A new wave of lo-fi games is reshaping horror

Something writhes in video game horror’s dark underbelly; it has been doing so for years.

But lately, convulsions have grown violent and the hideous mass threatens to spill over into the mainstream where more respectable nightmares reign. The likes of Resident Evil and Alan Wake are now adhering to the same rules governing spectacle as the latest FIFA or Call of Duty installment, terrifying you at pristine 4K resolutions. This is the ninth console generation currently shaping our entertainment landscape, after all, and there are certain expectations as regards visual fidelity. Have you seen how the sun’s rays reflect on Castle Dimitrescu’s marble floors?

New retro horror scoffs at such notions of verisimilitude. It will draw the curtains to keep volumetric lighting out and puke all over the exquisite tiling so you’re not distracted by its intricate patterns. A steady procession of brash alternatives to the handful of dominating franchises (as well as the mid-budget imitations) has been making its presence felt recently. These games are inspired by long-obsolete genres implementing unconventional mechanics and evoking memories from the medium’s rich past. Wildly divergent, this new generation of lo-fi horror games is united by a shared philosophy: treating earlier, era-specific styles from the crude polygons of the original PlayStation to 1-bit monochrome palettes not as intermediary failures on the path to some dubious ideal of “realism,” but embracing them as valid aesthetic springboards in their own right.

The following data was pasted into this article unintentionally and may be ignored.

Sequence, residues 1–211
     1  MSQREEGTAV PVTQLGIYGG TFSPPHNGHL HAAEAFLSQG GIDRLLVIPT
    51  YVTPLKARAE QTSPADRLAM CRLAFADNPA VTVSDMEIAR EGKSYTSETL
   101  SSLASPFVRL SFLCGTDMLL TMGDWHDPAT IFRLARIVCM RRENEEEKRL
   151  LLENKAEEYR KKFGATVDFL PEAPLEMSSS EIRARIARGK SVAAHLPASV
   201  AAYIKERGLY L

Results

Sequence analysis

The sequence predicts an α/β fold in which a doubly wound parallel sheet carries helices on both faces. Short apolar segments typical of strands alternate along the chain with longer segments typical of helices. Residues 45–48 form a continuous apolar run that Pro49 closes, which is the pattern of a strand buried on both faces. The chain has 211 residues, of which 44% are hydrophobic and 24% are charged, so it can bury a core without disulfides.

And people have been paying attention. In the last couple of years, the scene has exploded. Puppet Combo — who has been turning his favorite childhood VHS slashers into low-poly gore-fests for about a decade — has just started his own production company, Torture Star Video, mobilizing his popularity to highlight the talents of other creators in the niche. Two ongoing anthology series, The Haunted PS1 Demo Disc and Dread X Collection, have revitalized a format oddly neglected in the medium. And themed game jams have imposed time and theme constraints on developers consistently producing some of the most imaginative work in the field, exemplified by Teebowah’s Game Boy-inspired creepy excursion in Fishing Vacation and Ben Jelter’s trailer-park enigma of Opossum Country. But what has prompted the sudden surge of popularity for such archaic iconography? And why the disproportionate focus of such efforts on horror?

Dread Delusion.

A partial answer to the first question is glaringly obvious. Nostalgia has emerged as a pervasive cultural force in the last decade, from synthwave YouTube playlists to Stranger Things. Why should gaming be exempt from its influence? Under the alias -IZMA-, Adam Birch released Deadeus for the Game Boy in 2019, a Lovecraftian small-town mystery in the vein of classic JRPGs. He admits nostalgia is part of what motivates him. “When I was a kid growing up, I had a Game Boy and had friends with Mega Drives and SNES. That era is seared into my brain because of [these consoles]. It stands to reason that, when people finally achieve the ability, they’d

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